Hot Chip, Brixton Academy, London

John Hall
Wednesday 12 November 2008 01:00

So nu-rave was a bit of a non-event in the end, wasn't it? It's been a few months since the genre that spawned a thousand luminous T-shirts seemingly dissolved in a Hadouken!-shaped mess on the floor and, other than a pair of broken white Ray Bans, what have we to show for it?

When they hit the musical mainstream late last year, Hot Chip were inevitably lumped in with the scene – their squelchy bass lines, dominant synths and penchant for the aforementioned eyewear saw to that. However, this particular brand of pigeonholing rarely sat all that comfortably with the pigeons themselves. Hot Chip fans saw their idols not as Klaxon-aping scenesters, but as the heirs to Prince, the Beach Boys or a slightly chirpier Radiohead.

So tonight at the Brixton Academy, it should come as no surprise that there isn't a glow-stick or luminous golf-visor in sight. Instead there are plenty of late-twenties media types and 5,000 people chomping at the bit to dance. Hot Chip take the stage bathed in a sea of golden lights and, after a collective bow, burst into euphoric recent single "One Pure Thought". The heavy beats, pseudo reggae toasting and staccato guitar lines are all new additions, swamping the song's fragile chorus with rhythm in a majestic, magical way.

Live, Hot Chip adapt their songs almost beyond recognition – twisting and pulling them apart, deconstructing everything from melodies to rhythm to tempo before reassembling the parts in an altogether different way.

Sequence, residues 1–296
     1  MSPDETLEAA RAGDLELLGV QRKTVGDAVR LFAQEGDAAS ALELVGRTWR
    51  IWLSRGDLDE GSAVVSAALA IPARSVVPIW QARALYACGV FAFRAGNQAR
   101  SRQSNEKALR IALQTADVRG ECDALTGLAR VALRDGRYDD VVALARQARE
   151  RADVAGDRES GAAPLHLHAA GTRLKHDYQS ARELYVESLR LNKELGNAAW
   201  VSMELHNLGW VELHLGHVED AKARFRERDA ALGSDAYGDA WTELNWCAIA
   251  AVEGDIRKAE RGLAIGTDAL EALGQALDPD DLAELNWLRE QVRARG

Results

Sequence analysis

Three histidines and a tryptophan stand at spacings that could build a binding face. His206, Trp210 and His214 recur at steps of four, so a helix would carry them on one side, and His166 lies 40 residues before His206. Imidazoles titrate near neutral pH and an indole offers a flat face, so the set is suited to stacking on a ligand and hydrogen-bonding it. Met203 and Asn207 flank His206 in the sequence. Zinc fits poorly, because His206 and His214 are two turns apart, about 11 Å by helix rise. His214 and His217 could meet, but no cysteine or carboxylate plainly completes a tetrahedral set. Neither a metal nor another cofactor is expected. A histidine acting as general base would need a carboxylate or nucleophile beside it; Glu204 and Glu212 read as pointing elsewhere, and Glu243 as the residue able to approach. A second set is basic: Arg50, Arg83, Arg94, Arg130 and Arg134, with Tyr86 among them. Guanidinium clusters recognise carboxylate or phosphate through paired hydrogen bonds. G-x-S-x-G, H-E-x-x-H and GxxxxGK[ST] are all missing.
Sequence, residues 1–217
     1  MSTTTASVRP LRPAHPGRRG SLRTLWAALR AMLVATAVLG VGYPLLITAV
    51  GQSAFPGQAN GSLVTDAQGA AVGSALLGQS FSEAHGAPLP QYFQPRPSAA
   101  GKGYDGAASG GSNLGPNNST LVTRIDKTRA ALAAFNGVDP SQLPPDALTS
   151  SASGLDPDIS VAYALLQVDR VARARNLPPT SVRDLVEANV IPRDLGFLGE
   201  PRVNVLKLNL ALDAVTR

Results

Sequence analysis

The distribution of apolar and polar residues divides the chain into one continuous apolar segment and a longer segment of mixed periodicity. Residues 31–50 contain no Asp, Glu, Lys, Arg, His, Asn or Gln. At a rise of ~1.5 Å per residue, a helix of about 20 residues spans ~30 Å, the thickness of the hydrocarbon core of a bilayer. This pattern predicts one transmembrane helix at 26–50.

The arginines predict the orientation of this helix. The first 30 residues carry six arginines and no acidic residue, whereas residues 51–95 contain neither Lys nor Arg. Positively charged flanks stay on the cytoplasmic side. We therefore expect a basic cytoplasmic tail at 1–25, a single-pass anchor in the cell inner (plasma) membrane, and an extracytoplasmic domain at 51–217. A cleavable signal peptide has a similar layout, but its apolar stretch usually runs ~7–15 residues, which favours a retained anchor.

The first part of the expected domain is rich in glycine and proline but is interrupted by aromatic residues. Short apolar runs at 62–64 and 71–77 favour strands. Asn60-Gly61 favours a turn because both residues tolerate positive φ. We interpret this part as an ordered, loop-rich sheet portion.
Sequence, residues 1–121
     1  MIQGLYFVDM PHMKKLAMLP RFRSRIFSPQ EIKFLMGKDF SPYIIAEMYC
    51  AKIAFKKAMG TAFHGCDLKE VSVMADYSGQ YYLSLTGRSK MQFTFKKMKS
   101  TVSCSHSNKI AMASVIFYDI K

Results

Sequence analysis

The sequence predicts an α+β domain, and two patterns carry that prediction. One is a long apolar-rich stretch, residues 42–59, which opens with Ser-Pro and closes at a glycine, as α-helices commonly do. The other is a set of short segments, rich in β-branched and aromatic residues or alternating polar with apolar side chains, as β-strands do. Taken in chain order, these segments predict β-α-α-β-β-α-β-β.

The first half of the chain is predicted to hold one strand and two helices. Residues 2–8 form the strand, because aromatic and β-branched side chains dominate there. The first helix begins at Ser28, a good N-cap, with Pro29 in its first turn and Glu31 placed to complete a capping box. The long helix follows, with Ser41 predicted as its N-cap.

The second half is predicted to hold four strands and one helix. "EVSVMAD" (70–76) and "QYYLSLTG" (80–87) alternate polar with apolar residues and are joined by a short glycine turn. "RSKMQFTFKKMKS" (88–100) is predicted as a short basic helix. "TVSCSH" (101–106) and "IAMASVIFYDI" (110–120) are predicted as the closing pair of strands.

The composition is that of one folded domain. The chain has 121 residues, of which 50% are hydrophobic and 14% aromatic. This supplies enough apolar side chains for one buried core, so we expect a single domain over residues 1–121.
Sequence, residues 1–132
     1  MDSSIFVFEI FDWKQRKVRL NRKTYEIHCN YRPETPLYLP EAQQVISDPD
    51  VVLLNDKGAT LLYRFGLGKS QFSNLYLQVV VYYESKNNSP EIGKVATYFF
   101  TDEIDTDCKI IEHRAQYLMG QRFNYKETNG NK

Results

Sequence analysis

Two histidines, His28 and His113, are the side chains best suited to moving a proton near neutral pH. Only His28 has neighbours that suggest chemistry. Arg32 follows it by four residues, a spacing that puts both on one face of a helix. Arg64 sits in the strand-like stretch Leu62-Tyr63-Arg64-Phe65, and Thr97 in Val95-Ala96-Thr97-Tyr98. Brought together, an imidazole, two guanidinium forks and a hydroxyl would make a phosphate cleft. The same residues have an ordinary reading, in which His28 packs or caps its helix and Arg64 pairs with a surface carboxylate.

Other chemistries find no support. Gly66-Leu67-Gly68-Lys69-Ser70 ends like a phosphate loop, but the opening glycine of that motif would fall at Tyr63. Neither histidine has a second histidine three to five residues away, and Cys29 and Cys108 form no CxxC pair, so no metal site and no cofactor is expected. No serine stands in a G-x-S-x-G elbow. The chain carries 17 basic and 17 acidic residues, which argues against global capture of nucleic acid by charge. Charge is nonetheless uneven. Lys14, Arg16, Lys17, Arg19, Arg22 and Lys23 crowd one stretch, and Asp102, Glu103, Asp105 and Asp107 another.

Unfortunately, for every glorious twist to a hit that catches us off guard, Hot Chip appear intent on introspection. "Wrestlers" drags on eternally – a sprawling ballad which is used as a toilet break by some in the crowd.

This is a common problem for guitar bands dabbling in dance. While a mid-set mellow track may help the likes of Kings of Leon cool things down before another rockier number, doing the same with dance music often kills the atmosphere. Then again, focusing too heavily upon Hot Chip's flaws would be churlish. Even at the set's nadir, the expensive light show and balloons falling from the ceiling are wonderful, stadium-sized flourishes. On top of this, Hot Chip's performance is tight and well-rehearsed with guest drummer Leo Taylor particularly impressive.

All in all, Hot Chip's failings are, in an unexpected way, actually to their credit. Their commitment to experiment is a noble one and will doubtless lead to a wealth of boundary pushing in the future but here tonight, it simply comes across as indulgence.

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